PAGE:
Celltrion also disagrees with almost every theory on liability and relief outlined by Janssen. For example, Celltrion states that the doctrine of equivalents case depends on “fundamentally flawed testing” (trying to prove that 12 different ingredients outside of the claimed ranges were equivalent to the claimed ranges) and ensnares prior art. In particular, Celltrion states that the expert witness’ scientific experiments are “fatally, legally flawed” in that the experiments failed to test the accused Celltrion Media or the composition exactly as claimed. In addition, Celltrion claims that Janssen’s doctrine of equivalents theory impermissibly vitiates claim limitations and violates the public notice function of patents. Celltrion also contends that Janssen has insufficient evidence of direct infringement or inducement.
The parties dispute a number of other issues, including, inter alia, whether there is any relevant copying evidence, whether the Supreme Court’s Akamai v. Limelight decision regarding “direction and control” can apply to indirect infringement or whether it is limited to only divided infringement, and whether there was any violation of the BPCIA exchange procedures and, if so, whether there is any jury issue. Many of the issues laid out in the parties’ trial briefs, including the available relief, are the subject of other pending motions. Likewise, there are pending motions in limine and Daubert motions that could drastically reshape trial, or potentially eliminate the need for trial altogether. The Court is prepared to have hearings this week and next week to resolve the myriad outstanding issues. (Dkt. 475.)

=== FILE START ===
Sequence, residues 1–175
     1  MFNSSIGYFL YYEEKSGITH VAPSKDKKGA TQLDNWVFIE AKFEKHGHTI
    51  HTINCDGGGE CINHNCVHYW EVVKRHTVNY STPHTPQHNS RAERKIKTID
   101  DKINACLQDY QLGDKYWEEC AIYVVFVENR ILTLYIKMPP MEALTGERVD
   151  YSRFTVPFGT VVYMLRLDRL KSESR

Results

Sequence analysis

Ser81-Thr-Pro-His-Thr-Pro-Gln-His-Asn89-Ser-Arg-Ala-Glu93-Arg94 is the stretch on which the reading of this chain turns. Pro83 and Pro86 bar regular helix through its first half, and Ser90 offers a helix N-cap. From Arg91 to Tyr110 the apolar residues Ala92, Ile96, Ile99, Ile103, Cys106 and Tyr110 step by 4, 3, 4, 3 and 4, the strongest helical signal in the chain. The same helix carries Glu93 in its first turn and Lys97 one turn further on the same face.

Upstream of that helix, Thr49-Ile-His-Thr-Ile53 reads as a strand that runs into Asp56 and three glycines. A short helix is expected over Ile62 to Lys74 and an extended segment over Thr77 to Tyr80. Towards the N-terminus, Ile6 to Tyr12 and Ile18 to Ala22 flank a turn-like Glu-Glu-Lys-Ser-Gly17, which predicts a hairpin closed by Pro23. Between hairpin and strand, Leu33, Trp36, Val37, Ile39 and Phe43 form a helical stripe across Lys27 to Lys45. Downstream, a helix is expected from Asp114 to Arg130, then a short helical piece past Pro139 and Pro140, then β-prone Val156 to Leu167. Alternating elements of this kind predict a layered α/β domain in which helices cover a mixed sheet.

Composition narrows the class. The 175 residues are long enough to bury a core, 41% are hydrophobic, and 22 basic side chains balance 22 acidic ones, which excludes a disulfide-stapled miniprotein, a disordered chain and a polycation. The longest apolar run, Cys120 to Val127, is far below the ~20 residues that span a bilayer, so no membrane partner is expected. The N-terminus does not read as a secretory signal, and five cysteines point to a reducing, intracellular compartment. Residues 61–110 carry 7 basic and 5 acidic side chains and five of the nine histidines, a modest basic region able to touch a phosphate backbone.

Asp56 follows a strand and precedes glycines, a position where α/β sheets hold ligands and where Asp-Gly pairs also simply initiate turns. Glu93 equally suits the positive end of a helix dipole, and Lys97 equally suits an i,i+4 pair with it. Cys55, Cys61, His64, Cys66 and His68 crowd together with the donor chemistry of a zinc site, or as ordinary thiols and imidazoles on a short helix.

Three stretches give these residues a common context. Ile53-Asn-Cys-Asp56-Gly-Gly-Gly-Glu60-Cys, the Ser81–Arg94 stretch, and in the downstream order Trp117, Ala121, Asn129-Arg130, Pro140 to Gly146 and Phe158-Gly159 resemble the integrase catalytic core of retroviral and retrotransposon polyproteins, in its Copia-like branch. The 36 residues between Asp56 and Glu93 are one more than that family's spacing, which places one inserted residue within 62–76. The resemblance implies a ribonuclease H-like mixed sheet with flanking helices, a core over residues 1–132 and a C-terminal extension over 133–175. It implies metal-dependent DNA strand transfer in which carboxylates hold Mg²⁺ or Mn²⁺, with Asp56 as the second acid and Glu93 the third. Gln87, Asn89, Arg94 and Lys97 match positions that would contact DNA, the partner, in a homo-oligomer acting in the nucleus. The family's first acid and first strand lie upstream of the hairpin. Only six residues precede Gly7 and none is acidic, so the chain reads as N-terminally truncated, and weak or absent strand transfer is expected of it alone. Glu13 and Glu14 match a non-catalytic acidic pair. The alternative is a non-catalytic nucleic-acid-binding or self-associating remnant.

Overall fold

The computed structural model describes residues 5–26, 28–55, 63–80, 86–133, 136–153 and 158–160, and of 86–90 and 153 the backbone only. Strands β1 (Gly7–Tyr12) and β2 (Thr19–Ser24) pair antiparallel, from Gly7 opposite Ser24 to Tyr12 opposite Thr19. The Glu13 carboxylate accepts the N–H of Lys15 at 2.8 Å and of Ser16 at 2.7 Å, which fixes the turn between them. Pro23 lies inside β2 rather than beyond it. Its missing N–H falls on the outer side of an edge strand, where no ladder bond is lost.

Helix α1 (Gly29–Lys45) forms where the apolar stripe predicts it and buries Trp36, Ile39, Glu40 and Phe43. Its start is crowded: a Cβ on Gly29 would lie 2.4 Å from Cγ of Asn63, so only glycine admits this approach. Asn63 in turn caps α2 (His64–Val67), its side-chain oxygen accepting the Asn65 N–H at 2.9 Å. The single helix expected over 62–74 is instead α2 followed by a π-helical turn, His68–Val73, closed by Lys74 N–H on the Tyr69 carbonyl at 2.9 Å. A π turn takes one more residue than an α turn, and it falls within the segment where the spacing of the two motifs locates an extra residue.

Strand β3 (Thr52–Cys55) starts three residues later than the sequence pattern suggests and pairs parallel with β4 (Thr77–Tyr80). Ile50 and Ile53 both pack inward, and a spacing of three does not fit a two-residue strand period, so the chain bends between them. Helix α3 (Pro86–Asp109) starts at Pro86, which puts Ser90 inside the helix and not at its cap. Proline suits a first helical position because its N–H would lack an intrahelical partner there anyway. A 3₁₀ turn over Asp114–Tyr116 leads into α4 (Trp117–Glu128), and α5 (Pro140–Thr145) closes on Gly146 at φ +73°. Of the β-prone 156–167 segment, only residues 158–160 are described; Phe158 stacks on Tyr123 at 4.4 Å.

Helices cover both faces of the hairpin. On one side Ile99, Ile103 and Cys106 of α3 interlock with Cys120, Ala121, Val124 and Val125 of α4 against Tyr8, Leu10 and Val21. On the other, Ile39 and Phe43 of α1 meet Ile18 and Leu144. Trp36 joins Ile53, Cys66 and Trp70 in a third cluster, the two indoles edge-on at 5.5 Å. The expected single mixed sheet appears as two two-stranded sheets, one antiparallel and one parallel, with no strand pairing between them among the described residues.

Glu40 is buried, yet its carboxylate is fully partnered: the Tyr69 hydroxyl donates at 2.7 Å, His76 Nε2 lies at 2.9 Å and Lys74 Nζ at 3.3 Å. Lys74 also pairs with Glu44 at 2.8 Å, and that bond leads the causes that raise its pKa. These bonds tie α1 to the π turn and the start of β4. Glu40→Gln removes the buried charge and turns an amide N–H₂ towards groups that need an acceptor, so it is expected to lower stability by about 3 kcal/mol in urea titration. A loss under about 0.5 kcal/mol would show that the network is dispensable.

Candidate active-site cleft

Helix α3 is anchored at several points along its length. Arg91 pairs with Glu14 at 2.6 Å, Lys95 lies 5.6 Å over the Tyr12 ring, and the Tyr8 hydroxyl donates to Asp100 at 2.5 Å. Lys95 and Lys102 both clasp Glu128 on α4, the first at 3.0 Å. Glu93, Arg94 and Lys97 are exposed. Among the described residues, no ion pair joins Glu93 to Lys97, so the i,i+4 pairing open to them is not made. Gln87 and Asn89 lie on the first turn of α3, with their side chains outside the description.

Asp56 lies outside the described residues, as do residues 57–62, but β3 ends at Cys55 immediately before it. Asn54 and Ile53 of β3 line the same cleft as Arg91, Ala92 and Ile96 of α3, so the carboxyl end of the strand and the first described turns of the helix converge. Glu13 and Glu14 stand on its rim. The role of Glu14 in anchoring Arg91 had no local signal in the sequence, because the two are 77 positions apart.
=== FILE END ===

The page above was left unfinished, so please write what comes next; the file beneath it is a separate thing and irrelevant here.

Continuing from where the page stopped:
As Inflectra® is only the second biosimilar to be approved by the FDA and the second biosimilar to enter the U.S. market, we expect that the outcome of this trial may impact future litigation in this area, especially relating to cell media and manufacturing patents. Janssen and other reference product sponsors have serious financial interests in asserting and maintaining their manufacturing patents. For example, although Janssen reported an 8.7% increase in sales for 2015 (for a total of $4.45 billion), Janssen could face a loss in sales of Remicade® between 10-15% for 2017 as a result of competition with Inflectra®.
We will continue to monitor and provide further updates.
Authors: Jenny Shmuel, Jasmine Whyte, Tasha Francis
The opinions expressed are those of the authors on the date noted above and do not necessarily reflect the views of Fish & Richardson P.C., any other of its lawyers, its clients, or any of its or their respective affiliates. This post is for general information purposes only and is not intended to be and should not be taken as legal advice. No attorney-client relationship is formed.
Jasmine M. Whyte is a technology specialist and patent agent in the New York office of Fish & Richardson P.C. Prior to joining the firm, Dr. Whyte (née De Cock) earned her Ph.D. in biology from Dr. Robert Weinberg’s laboratory at the Whitehead Institute for Biomedical...
Jenny Shmuel, Ph.D., represents clients on a range of intellectual property matters, with an emphasis on medical device and pharmaceutical technologies. She has extensive experience in pre-suit diligence, case management, expert and fact discovery, and brief writing, and has examined and cross-examined witnesses at trial.